In 2005, reflecting the discursive shift from “alternative” to “fair” trade, IFAT changed its name from the International Federation of Alternative Trade to the International Fair Trade Association, although it retained its familiar acronym.181 The motion to include the word “fair” in IFAT’s name had been opposed at the 2005 IFAT general assembly, but the name change was implemented nonetheless.182 This semantic shift is indicative of a deeper and ongoing philosophical debate within the movement about where it is headed and what it is doing. And although the tension partly reflects the circumstances of the movement’s origins being simultaneously “from the top” (Northern ATOs) and “from the grassroots” (Southern producers)183, it should be noted that most of these debates have played out in the global North, and that considerably more research is needed into the views, concerns, and strategic priorities of Southern fair trade stakeholders.
There are two tendencies within the alternative/fair trade movement. On the one hand, there are those who, based on a critical understanding of structural limitations in the conventional capitalist system, have pushed for the gradual construction of a parallel alternative trade system; I call this trajectory the idealist position, which can be linked to the movement’s use of the term “alternative.” On the other hand, there are the advocates of mainstreaming, who are driven by the imperative of maximizing the volume of fair trade and thus the quantity of fair trade’s beneficiaries; I refer to this as the realist position, which is more closely aligned with the use of the term “fair.” Gendron et al have labeled this polarity in the fair trade movement a “clash between a ‘radical and militant’ pole and a more ‘soft and commercial’ one.”184
The idealist position has its roots in the early stages of the alternative trade movement—what Tallontire called the goodwill and solidarity stages, or what Fridell calls the first phase of the fair trade network—and corresponds to Gendron et al’s “radical” and “militant” pole. It is rooted in a worldview that sees limited capacity or motivation for conventional traders—whose profits are deeply linked with the maintenance of power asymmetries in trade relations—to provide benefits to highly marginalized producers. To resolve this impasse, proponents of the idealist position began laying the groundwork for an alternative trade system that would bypass conventional trade channels and their related mores by actualizing a network of exchange based on solidaristic ties, direct purchases, mutually agreed pricing, and an avoidance of confrontational or competitive negotiation and practices. This alternative system would thus stand against and outside the conventional system, relying on its own parallel networks of exchange. It is generally understood and accepted among the idealists that the construction of the alternative trade system is a long-term project that may have limited benefits in the short-term, and that for a time it might have to serve more as an exemplar than as a major player in international trade.
The realist position aligns with Tallontire’s mutually beneficial trade, trading partnerships, and marketing of the fair trade brand stages, and with Fridell’s network’s second phase. The realists, while accepting many of the idealists’ structural critiques of conventional trade, also saw limitations in the nascent alternative trade system—particularly with regard to scale. The realists thus sought to develop auditable standards and consumer-facing certification marks which would allow alternative trade to enter the conventional mainstream; they are what Gendron et al have called the “commercial” or “soft” pole of fair trade. The realists’ strategy proposed that, rather than constructing an alternative trade system parallel to the conventional one, the imperative of providing maximized benefits to producers required the fair trade movement to enter the conventional trade system. As the head of the U.S. national labeling initiative, Paul Rice, put it, “We’re about trying to get as many farmers as we can into this model so that they too can get a better price for their products and improve their living standards.”185 For the realists, the perceived opportunities of embedding fair trade within the market as opposed to outside it included the capacity for rapid scaling up through already existing distribution networks and the chance to act as models which, by highlighting their successes and normative standards, might provoke reform within the conventional system and reorient conventional traders’ “business as usual” practices toward measurable commitments to greater fairness.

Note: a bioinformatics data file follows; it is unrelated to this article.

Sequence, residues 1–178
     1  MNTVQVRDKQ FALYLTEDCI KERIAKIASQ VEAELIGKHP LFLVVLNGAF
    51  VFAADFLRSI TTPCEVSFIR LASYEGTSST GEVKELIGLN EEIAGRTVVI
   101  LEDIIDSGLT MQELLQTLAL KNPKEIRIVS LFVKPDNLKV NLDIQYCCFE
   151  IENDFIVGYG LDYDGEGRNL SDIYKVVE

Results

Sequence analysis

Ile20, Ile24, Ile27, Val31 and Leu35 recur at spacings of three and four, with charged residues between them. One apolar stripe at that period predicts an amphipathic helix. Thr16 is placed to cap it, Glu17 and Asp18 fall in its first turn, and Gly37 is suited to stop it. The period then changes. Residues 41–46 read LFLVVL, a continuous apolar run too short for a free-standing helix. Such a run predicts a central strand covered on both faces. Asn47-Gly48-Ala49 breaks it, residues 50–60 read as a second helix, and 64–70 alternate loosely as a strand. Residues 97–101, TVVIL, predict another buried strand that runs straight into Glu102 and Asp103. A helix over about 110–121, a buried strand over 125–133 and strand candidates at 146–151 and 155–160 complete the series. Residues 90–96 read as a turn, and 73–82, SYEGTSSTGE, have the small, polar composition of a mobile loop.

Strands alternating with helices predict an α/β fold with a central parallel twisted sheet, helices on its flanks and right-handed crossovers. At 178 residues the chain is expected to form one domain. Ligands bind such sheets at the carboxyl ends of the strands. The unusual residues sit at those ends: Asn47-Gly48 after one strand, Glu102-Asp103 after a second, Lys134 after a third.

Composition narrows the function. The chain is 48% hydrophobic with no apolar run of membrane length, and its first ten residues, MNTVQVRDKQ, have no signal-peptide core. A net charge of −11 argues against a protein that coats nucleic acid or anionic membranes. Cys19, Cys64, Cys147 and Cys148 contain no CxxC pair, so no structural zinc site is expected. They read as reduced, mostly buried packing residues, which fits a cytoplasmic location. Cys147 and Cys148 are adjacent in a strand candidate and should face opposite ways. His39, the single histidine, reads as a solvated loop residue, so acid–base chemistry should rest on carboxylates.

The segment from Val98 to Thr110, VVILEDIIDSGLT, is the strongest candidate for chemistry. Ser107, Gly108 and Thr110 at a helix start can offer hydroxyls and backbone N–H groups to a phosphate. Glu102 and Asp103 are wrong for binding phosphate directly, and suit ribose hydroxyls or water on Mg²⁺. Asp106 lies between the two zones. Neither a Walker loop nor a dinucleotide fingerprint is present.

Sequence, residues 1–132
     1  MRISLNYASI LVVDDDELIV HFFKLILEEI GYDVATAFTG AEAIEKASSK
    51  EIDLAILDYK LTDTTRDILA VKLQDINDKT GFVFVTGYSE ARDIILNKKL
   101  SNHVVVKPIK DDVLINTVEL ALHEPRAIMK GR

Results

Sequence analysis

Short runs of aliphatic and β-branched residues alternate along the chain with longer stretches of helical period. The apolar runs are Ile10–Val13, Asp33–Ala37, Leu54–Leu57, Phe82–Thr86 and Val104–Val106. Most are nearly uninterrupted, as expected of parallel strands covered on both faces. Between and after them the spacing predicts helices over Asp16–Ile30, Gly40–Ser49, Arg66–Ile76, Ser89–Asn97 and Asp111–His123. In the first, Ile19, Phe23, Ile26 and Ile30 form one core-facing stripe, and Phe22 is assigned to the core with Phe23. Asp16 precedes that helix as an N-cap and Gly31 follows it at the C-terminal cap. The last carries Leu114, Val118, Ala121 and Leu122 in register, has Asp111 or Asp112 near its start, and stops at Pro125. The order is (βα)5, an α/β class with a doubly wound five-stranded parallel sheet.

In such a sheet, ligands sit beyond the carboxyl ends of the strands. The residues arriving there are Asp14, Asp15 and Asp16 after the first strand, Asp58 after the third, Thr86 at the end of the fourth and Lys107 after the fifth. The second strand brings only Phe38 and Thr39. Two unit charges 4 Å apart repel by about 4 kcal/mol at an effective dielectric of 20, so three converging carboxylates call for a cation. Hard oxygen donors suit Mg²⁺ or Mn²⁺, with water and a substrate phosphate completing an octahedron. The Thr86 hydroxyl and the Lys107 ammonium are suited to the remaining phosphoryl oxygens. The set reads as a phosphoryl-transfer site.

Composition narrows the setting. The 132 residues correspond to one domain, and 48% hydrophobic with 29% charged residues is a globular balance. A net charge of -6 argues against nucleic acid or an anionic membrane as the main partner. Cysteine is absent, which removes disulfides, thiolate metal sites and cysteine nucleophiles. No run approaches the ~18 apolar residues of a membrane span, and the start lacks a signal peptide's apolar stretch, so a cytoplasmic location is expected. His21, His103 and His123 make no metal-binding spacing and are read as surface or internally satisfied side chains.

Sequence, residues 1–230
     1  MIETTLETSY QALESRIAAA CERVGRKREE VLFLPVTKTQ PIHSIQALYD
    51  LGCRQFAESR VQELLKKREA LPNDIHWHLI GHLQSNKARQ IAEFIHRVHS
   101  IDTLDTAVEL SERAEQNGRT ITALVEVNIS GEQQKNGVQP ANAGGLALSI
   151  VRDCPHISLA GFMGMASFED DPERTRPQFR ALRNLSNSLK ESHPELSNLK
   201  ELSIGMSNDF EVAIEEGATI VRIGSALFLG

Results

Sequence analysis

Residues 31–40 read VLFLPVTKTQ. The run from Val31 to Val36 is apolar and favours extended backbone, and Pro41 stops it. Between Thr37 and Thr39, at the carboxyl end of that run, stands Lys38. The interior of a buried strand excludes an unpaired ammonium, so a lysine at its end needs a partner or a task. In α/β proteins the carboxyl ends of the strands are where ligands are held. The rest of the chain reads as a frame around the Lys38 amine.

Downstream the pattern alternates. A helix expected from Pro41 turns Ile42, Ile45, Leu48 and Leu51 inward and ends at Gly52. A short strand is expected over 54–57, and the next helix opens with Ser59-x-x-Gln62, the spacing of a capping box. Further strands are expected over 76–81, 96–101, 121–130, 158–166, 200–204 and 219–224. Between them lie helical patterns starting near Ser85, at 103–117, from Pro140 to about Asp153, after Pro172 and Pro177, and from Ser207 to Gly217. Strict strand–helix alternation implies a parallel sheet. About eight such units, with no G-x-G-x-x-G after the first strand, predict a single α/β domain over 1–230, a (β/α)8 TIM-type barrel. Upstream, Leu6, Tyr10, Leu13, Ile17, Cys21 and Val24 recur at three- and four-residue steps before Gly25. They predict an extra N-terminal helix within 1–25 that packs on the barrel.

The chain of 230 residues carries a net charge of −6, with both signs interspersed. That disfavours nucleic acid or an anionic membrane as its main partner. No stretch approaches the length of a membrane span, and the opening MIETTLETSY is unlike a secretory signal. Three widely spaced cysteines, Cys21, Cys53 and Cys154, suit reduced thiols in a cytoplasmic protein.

A limitation of the realist approach is that fair trade certification, as practiced by the leading realist organization FLO, applies only to the conditions of the producer community and the commodity chain from producer to initial buyer; FLO standards do not impose or imply any conditions on the trading practices of organizations once they have purchased certified fair trade products, which means that large for-profit corporations and conglomerates that do not adhere to the wider principles of the movement can still partake in a limited (from the idealist perspective) form of fair trade alongside more fully committed traders—and it all occurs under the same certification mark. In this regard, the realist position can be seen as one based on meeting an accepted and certifiable set of minimum standards for producer well-being and moving products through the commodity chain, yet which leave room for considerable ambiguity about other aspects of business. Conversely, idealists tend toward a holistic view of fair trade that goes beyond product standards and emphasizes the need for alternative practices throughout the fair trade process. Idealists often implement practices such as cooperative management within their Northern operations, insisting that these conditions should be met by all fair traders and not just Southern producer communities. The idealist position thus tends toward a maximal view of fair trade as a way of being and eschews a minimalist focus on the transactional aspects of trade. IFAT’s FTO mark, launched in 2004, aims to be a label for organizations that adhere to this model of fair trade practice.